Saturday, August 15, 2009

How's that stimulus working?

According to CNN: "It is now a rare Friday night that the agency does not seize the assets of a newly failed bank. And the number of banks judged as troubled has soared to 305 as of March 31, up from only 90 a year earlier. Those 305 problem banks on the FDIC's confidential list have combined assets of $220 billion."

Wednesday, August 12, 2009

First Submission

Made my first submission to Baen Books. Granted, only five words--Baen was asking for titles for an anthology--but a submission, nonetheless. "A journey of a thousand miles begins with leaning slightly forward."

Battle of Ascalon

In 1099, the forces of the First Crusade--about 1200 knights and 9000 infantry under Godfrey of Bouillon--found a Fatimid Egyptian army of 30,000 to 50,000 outside the city of Ascalon in the Holy Land. The Fatimids knew the Crusaders were in Jerusalem, one day's march away, but were not prepared for combat. The Crusaders were outnumbered at least three to one, but attacked anyway and broke the Fatimid army, causing 10,000 casualties; they captured the enemy standard, the general's tent, and much loot. The surviving Fatimids withdrew to Egypt.

Godfrey and Raymond of Toulouse both claimed Ascalon; the Fatimid garrison learned of the dispute and decided not to surrender, and retained control of the city for another 50 years.

Tuesday, August 11, 2009


That's the medical procedure I'm getting this afternoon. In layman's terms, it's "sticking a slim tube with light and camera down your throat so we can see why you're having trouble swallowing, and also so we can make our Mercedes payments."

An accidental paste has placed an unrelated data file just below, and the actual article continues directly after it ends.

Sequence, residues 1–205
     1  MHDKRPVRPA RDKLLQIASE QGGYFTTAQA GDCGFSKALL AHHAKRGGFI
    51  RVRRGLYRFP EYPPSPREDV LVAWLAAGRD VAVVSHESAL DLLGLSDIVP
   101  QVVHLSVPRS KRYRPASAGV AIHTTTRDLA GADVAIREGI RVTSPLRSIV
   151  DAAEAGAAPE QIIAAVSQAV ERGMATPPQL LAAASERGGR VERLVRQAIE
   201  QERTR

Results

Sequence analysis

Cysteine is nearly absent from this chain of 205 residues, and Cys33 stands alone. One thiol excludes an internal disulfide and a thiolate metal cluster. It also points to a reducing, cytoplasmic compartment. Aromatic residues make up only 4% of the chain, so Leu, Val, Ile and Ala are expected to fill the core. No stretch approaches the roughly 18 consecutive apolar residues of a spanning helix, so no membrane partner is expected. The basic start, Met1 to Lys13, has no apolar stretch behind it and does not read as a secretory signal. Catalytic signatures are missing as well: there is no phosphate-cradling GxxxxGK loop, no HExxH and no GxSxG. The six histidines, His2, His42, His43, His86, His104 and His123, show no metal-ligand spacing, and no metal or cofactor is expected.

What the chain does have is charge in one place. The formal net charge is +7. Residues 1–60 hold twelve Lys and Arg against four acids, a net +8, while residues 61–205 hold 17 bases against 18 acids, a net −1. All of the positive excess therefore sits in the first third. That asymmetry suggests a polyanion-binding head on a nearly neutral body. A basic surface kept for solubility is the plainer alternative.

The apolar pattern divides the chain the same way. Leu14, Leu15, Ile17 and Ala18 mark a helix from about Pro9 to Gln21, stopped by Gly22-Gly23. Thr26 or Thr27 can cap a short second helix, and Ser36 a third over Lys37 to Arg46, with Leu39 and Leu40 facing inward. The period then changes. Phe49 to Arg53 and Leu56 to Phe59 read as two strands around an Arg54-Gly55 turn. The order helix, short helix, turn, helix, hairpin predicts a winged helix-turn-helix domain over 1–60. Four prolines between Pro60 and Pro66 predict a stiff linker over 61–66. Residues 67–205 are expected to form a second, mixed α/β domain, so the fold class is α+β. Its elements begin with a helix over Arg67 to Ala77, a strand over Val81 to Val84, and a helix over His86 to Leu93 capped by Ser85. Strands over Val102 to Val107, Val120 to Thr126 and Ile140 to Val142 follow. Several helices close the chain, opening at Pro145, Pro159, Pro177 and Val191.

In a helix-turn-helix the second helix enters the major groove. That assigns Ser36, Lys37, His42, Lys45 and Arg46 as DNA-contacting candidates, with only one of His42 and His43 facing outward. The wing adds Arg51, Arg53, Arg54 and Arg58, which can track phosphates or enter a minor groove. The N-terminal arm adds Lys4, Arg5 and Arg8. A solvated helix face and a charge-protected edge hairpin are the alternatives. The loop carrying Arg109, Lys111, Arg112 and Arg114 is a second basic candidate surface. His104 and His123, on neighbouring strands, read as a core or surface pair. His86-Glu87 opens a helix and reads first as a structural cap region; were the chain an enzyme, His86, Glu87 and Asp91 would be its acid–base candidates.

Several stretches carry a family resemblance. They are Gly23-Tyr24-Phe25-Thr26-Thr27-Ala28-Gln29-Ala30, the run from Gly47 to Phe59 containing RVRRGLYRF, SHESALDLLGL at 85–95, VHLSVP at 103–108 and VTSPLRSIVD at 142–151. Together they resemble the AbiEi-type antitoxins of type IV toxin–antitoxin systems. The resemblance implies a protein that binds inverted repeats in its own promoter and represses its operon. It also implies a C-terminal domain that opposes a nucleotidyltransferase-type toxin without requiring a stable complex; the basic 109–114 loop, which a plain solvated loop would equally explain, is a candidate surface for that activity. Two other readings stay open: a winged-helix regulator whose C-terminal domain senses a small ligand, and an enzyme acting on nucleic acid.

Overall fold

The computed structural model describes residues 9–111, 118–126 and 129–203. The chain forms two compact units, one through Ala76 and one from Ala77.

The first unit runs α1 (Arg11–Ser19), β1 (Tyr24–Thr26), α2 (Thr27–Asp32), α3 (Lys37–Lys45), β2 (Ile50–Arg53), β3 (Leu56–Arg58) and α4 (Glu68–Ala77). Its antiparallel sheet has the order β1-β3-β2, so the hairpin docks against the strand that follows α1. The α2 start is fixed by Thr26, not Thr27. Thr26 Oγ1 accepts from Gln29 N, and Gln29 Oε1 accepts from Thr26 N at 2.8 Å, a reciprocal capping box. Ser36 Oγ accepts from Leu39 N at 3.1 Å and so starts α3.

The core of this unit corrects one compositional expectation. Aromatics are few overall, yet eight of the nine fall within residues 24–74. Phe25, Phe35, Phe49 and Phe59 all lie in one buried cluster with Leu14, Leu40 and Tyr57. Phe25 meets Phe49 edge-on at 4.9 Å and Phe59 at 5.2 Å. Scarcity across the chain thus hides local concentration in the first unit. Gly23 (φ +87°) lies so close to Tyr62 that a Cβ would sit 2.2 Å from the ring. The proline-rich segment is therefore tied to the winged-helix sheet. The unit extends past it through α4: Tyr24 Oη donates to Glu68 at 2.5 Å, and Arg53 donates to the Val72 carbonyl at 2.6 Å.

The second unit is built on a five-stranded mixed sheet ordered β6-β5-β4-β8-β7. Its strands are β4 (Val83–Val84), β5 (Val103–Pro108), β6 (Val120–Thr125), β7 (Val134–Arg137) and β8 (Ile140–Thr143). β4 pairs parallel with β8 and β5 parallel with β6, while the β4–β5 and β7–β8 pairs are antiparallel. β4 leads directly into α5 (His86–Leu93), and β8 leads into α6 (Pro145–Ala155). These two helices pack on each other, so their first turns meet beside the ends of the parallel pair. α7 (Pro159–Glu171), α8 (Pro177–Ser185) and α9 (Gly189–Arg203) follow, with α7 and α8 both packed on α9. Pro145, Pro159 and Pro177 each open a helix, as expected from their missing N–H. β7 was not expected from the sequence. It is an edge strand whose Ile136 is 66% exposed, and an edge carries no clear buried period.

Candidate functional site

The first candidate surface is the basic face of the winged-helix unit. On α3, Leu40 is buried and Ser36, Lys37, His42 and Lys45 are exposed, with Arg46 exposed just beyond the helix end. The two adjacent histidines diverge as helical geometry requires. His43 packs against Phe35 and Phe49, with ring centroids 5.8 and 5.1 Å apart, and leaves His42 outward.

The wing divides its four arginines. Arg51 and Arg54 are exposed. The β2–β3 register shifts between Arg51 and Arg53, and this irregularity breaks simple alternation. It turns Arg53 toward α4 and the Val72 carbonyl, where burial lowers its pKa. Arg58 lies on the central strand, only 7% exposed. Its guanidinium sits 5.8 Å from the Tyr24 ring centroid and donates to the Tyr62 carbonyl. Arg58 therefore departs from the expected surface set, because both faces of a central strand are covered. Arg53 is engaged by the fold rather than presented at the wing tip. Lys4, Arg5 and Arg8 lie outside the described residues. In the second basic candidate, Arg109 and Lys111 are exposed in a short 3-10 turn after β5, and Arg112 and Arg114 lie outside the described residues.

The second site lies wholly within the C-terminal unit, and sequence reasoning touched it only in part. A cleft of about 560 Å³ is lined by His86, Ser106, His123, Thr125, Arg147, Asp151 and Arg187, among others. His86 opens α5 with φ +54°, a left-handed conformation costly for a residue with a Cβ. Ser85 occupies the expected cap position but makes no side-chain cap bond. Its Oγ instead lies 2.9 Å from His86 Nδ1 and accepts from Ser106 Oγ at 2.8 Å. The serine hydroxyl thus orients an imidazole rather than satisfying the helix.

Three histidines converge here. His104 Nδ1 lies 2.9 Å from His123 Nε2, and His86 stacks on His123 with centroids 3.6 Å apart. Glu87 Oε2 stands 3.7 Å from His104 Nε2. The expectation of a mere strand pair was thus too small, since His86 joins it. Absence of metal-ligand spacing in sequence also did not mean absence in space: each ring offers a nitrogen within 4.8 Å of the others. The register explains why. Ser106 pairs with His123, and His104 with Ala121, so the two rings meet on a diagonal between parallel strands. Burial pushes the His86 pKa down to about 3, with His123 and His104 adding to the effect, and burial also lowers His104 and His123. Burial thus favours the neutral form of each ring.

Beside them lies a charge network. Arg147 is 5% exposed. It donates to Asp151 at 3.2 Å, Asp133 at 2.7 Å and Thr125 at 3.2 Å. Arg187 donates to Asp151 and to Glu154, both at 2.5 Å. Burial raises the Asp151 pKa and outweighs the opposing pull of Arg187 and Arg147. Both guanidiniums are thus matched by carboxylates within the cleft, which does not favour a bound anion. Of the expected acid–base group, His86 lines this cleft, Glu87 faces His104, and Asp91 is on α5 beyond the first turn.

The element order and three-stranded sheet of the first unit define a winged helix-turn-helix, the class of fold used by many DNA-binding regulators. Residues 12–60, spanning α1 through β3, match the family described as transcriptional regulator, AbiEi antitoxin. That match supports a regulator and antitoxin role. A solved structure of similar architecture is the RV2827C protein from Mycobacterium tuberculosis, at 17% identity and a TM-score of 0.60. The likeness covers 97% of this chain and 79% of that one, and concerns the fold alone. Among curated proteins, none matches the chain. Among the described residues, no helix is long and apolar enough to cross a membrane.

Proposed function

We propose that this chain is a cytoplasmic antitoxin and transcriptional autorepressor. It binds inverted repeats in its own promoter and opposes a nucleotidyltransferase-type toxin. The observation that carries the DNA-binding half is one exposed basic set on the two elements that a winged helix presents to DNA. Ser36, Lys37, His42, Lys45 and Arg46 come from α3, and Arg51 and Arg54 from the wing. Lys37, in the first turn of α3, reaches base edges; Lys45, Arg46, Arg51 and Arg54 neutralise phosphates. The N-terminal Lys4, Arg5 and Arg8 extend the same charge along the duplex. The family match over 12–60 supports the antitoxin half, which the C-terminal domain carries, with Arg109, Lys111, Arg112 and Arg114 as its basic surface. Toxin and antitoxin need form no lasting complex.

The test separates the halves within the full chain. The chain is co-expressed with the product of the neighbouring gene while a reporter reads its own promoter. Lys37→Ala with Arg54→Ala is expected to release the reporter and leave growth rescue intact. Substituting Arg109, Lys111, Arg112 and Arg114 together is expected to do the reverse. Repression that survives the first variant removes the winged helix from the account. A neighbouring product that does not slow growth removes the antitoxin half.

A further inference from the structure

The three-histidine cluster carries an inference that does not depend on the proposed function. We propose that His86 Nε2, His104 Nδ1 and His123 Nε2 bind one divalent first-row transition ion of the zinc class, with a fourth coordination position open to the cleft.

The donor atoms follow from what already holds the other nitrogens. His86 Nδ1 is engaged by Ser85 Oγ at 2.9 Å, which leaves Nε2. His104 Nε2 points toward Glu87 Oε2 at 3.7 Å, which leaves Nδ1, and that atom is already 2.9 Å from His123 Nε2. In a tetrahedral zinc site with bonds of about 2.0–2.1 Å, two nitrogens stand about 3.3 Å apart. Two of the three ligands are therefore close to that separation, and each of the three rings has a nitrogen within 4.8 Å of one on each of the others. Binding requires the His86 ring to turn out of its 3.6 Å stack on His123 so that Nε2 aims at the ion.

China selling human parts

There's a Monty Python sketch which goes more or less like this:
Men in lab coats: Can we have your liver?
Homeowner: I'm not done using it!
MiLC (holding H.O. down and grabbing his wallet): What's this, then?
HO: An organ donor card, but--
MiLC: Need we say more?
HO: But that's in the event of death!
MiLC: No one that we've taken a liver from has ever survived, so that's all
right then.
The People's Republic of China has apparently taken this to heart--and kidney, and so on. If you're guilty of such heinous crimes as disagreeing with the government or practicing Falun Gong or even being someone the local Party chief doesn't like, you could find yourself strapped to a table, sliced open, and broken up for spare parts.

Monday, August 10, 2009

Touchable holograms

An article on holograms with tactile feedback

Sunday, August 9, 2009

Responsibility of a Patriot

It is the responsibility of the patriot to protect his country from its government.
--Thomas Paine

Zambian weddings

Mom sent:
Recently there have been two weddings here at Macha. Rogers and Petronella are a Zambian couple who now live directly across the street from us. Three weeks ago they had their wedding. The invitation we got said 10:00 am. However, I KNOW that Zambians are always late, so, smart me, I arrived at 10:30. There were 3 people at the church - one waxing the concrete floor and two ladies arranging plastic flowers. They informed me that the preacher was still the far side of Choma (about 2 hrs drive away). We heard that the wedding actually began about 1 pm. The ceremony and reception lasted until 7 pm. Hundred of people came and they feasted on an entire roasted cow.